Media Watch


The Arizona Press Club announced its 2012 award winners for print journalism at its annual banquet in Phoenix on Saturday, May 18, and news outlets from the southern portion of the state did well.

The Tucson Weekly's Margaret Regan took first place in the non-metro arts criticism category and current Tucson Weekly editor Dan Gibson was awarded first place in the non-metro features blog category for his work on The Range, the Weekly's online presence. Weekly columnist Tom Danehy won second place for non-metro sports reporting (FYI, the distinction between the "metro" and "non-metro" categories is based on circulation).

Winners from other Southern Arizona publications included Shar Porier of the Sierra Vista Herald and Bisbee Daily Review, who placed second in the Community Journalist of the Year category. Porier also won third place for non-metro public service reporting. Marisa Gerber of the Nogales International won honorable mention for non-metro public safety reporting while Nogales International reporters Jonathan Clark and Curt Prendergast shared first place in the non-metro immigration reporting category. Clark also earned second place for another entry.

Southern Arizona papers swept the non-metro personality profile category. Randy Metcalf of The Explorer placed first, Matt Hickman of the Sierra Vista Herald was second and the Nogales International's Gerber landed a third-place honor. Gerber won another third-place for non-metro human interest writing.

Adam Curtis of the Sierra Vista Herald claimed the top spot in non-metro short form writing and the Herald's Hickman placed second in non-metro arts reporting.

The Arizona Daily Star was well represented, with ten Star employees winning first-place awards. Chiara Batista won for illustration; Rhonda Bodfield, Tom Beal, Tim Steller, Josh Brodesky and Howard Fischer earned top accolades for breaking news; Brodesky landed first-place for column writing; Kristen Cook won top awards for short-form writing and arts writing; Johanna Eubank took first-place honors in the multimedia reporting category; Rob O'Dell won twice, for health reporting (along with Stephanie Innes) and business reporting, and he also won an award for work at The Arizona Republic, where he is currently employed. Dave Ord won first for headline writing and Steller was first for immigration reporting.

Star employees also took home 13 second-place awards and seven third-place awards.

... And the Star may also have an employee who should be nominated for the Most Cowardly Media Post award. More on that later.


Citing a desire to pursue new challenges within the newspaper industry, John M. Mathew last week announced he is ending his stint as the CEO of Sierra Vista-based Wick Communications, which owns 28 newspapers and 18 specialty publications, including the Tucson Weekly.

"I've had 12 great, happy years here with this company and in that time I've had the pleasure of meeting and working with some terrific people who I'm going to miss," Mathew told Wick-owned publication Inside Tucson Business.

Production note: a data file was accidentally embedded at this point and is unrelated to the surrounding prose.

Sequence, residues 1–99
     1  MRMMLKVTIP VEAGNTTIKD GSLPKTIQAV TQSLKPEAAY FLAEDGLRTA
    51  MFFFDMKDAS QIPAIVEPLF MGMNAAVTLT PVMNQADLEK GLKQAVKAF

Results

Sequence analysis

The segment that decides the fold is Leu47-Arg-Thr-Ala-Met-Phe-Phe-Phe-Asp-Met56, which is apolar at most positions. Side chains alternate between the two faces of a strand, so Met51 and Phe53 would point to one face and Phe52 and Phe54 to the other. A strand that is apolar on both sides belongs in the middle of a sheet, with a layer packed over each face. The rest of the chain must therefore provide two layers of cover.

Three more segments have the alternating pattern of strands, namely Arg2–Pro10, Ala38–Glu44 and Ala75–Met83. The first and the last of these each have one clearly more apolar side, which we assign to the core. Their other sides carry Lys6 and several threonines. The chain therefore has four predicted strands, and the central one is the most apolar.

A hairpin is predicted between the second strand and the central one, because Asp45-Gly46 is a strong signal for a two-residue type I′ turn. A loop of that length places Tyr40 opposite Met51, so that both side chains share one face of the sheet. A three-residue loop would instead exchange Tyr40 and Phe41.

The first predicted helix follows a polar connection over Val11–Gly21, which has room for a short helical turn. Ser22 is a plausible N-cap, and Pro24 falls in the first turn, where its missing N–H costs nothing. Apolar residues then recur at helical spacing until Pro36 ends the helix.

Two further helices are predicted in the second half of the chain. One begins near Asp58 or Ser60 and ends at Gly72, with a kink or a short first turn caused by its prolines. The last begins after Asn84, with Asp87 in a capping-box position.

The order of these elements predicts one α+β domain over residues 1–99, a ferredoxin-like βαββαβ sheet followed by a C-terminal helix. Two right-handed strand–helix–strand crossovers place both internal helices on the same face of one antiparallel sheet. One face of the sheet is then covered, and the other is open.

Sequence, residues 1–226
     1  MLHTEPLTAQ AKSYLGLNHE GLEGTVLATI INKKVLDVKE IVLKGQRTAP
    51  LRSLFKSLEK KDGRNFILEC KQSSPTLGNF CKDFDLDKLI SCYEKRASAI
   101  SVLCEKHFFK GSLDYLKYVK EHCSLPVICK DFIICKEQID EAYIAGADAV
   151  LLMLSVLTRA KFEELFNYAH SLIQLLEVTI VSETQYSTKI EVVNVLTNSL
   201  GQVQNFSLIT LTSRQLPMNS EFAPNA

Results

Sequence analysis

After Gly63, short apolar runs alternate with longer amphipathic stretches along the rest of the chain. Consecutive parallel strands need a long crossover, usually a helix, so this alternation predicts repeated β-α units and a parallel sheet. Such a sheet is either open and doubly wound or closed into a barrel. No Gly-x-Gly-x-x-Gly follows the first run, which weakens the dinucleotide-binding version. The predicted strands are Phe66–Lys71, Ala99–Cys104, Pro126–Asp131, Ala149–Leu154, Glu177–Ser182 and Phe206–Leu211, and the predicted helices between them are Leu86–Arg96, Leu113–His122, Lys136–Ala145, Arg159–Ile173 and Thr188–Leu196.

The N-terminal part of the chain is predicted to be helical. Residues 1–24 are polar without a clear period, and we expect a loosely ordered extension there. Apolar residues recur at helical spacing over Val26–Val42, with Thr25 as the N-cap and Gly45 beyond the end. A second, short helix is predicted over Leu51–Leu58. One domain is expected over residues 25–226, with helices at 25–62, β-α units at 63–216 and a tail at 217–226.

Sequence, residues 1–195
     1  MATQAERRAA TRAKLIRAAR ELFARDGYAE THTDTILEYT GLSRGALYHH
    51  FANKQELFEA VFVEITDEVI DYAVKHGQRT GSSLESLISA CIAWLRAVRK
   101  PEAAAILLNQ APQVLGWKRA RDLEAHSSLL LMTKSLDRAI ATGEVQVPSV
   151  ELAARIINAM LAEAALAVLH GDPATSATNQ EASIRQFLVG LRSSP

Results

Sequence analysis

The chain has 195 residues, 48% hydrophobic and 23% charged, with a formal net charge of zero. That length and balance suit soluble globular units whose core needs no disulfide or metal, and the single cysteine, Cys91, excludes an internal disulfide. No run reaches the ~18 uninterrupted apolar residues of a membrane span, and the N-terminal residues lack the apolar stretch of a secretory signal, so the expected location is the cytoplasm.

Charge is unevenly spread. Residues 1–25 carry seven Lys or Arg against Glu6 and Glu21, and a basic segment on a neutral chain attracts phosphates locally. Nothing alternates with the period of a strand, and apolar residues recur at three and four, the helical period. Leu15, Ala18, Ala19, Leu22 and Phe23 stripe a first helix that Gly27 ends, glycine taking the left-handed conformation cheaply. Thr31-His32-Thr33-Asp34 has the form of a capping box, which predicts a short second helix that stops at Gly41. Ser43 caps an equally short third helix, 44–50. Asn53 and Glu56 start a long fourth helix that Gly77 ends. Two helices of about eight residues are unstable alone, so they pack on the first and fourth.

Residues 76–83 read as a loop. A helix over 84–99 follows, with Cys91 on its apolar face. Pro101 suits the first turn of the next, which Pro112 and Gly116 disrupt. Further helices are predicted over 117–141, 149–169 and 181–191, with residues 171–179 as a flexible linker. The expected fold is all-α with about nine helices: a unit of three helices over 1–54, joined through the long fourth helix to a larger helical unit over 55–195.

Mathew will stay in his position until a replacement is named.


Shortly after Mathew's announcement became public, Dan Gibson, the editor of the Tucson Weekly, received this comment online.

"The CEO of Wick resigned today; when are you tendering your's?"

Under normal circumstances, that's fairly tame stuff. And considering the anonymity of Internet commenting, not terribly surprising. When you don't need to share your identity, taking a cheap shot is part of the game.

But in this case, the person who posted that ditty did so from an Arizona Daily Star/Tucson Newspapers Inc. IP address, meaning that someone at the Star—or maybe employed at TNI, the Star's business arm—took an anonymous shot at an employee of another media outlet.

For starters, I'm thinking, based on the "your's" thing, we can probably eliminate copy editors.

Again, it's not the statement in and of itself. That's fairly generic material for anyone who writes a story in the online comments era of modern journalism. Furthermore, journalism critics take unflattering shots at public figures on a consistent basis, but they do it with a byline. I'm not saying there isn't a fair share of bone knobs in the media either. We all know better. But if you're in this profession, don't hide behind an easily traceable IP address to vent your discontent with someone at another news-gathering outlet.

Remarkably, this isn't groundbreaking either. A more devious incident that originated from TNI headquarters occurred while I was working as a reporter for Cat Tracks magazine, a privately operated publication that covered UA athletics.

During the relative infancy of the message board phenomenon, someone took the time to falsify an identity that closely resembled that of Cat Tracks publisher Doug Carr, and then intentionally posted false information about a UA basketball player.

What said person apparently didn't anticipate was that I happened to be good friends with someone who used to work at He helped to confirm the identity of the IP, and from there we enlisted the assistance of the folks at Starnet to pursue the issue further. The Star handled the situation internally.

Who knows whether TNI considers the anonymous post to Gibson worthy of its time to investigate? Regardless, it's a pretty pitiful approach by someone in the industry likely butt-hurt that the Weekly bothers to call the paper on its absurdities. Yet this individual does so under the veil of online secrecy.

It's a shame too. Sharing your real name can be liberating. You'll feel good about yourself for getting that out in the open, I won't shed a single tear, and will get a little extra traffic.

Just happy to help.

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